10 Moral Paradoxes

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Wiley, Jul 2, 2007 - Philosophy - 160 pages
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Presenting ten diverse and original moral paradoxes, this cutting edge work of philosophical ethics makes a focused, concrete case for the centrality of paradoxes within morality.
  • Explores what these paradoxes can teach us about morality and the human condition
  • Considers a broad range of subjects, from familiar topics to rarely posed questions, among them "Fortunate Misfortune", "Beneficial Retirement" and "Preferring Not To Have Been Born"
  • Asks whether the existence of moral paradox is a good or a bad thing
  • Presents analytic moral philosophy in a provocative, engaging and entertaining way; posing new questions, proposing possible solutions, and challenging the reader to wrestle with the paradoxes themselves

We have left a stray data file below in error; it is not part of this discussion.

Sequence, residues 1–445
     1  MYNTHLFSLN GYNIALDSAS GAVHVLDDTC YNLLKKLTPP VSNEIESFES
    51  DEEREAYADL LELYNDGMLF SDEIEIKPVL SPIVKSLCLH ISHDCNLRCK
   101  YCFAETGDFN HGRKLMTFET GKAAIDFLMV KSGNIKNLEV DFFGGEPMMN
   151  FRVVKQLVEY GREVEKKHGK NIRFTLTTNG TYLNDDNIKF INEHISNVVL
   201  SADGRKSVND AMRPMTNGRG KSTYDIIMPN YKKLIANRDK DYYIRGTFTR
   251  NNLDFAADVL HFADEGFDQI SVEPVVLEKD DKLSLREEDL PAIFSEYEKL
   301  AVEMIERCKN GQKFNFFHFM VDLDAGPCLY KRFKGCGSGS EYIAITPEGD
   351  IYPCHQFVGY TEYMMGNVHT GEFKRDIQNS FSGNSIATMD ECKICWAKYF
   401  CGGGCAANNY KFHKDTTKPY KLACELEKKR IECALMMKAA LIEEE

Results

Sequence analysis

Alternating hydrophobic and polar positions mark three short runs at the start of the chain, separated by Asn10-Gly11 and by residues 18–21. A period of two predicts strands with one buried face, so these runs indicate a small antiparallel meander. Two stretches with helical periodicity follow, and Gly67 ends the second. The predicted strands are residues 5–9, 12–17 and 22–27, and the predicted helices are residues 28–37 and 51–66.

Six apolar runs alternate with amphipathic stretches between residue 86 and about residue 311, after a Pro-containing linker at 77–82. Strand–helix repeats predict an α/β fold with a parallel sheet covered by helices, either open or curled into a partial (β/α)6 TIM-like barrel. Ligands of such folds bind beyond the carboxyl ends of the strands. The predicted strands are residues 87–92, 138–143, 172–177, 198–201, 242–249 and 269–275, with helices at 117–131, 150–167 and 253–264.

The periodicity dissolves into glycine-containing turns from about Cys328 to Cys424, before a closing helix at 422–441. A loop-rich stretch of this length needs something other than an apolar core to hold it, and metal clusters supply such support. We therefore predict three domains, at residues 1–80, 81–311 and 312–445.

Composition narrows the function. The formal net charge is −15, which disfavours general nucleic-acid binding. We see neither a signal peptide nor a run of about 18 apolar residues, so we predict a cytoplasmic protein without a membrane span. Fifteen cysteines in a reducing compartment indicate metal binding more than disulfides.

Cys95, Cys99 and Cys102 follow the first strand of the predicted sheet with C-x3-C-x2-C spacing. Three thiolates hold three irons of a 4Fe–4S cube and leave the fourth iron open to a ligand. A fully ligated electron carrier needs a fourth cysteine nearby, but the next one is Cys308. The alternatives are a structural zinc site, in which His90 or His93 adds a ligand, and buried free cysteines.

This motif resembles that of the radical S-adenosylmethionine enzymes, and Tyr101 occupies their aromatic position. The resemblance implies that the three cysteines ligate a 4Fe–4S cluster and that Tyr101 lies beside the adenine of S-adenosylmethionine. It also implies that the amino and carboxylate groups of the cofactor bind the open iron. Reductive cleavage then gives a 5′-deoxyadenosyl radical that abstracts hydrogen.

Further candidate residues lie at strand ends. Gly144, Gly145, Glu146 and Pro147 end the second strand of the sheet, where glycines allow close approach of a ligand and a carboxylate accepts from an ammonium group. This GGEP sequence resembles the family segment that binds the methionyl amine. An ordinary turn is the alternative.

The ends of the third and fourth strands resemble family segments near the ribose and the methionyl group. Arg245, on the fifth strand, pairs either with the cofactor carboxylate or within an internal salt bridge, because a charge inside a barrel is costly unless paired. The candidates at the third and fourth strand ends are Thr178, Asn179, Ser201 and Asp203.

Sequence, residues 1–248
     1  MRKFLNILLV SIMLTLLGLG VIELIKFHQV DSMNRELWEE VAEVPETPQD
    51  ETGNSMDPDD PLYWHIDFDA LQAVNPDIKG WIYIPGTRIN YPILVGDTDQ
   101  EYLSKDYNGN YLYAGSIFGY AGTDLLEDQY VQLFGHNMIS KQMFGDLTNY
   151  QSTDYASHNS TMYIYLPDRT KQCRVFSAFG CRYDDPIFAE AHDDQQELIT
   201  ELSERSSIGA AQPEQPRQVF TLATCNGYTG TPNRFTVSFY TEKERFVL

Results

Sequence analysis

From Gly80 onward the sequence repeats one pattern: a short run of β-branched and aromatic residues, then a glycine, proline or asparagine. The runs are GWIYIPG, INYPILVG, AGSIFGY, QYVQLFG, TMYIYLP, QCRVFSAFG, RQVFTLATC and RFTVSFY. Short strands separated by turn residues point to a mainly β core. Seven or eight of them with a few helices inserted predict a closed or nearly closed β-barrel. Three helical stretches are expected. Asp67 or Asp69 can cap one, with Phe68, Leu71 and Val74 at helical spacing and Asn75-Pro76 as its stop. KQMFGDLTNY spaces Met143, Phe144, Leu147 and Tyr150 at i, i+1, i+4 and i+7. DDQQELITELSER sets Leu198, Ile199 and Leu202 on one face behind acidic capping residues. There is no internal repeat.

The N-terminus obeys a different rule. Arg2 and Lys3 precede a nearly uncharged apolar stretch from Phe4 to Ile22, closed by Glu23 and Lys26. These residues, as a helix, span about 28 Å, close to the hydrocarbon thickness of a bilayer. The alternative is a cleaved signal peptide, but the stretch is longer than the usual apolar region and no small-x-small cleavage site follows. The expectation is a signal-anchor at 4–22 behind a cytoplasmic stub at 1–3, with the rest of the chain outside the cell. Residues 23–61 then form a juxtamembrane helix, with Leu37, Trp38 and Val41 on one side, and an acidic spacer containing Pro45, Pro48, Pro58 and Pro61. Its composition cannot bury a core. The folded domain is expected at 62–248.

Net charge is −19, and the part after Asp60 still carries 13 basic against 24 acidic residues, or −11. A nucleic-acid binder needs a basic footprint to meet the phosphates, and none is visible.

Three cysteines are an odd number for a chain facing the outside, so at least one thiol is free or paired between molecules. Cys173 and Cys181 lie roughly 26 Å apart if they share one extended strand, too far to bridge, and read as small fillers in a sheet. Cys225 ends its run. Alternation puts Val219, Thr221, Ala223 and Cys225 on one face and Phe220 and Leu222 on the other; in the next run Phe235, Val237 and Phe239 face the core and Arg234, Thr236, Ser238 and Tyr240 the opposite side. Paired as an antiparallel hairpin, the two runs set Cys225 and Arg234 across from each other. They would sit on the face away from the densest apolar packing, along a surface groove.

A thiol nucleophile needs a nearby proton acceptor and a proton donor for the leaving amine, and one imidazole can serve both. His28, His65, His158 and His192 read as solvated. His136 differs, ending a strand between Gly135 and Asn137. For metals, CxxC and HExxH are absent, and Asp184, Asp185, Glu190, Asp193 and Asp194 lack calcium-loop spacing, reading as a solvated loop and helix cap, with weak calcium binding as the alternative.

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About the author (2007)

Saul Smilansky is a professor in the department of philosophy at the University of Haifa, Israel. He is the author of the widely acclaimed book, Free Will and Illusion (2000) and has published articles in many of the leading philosophical journals.

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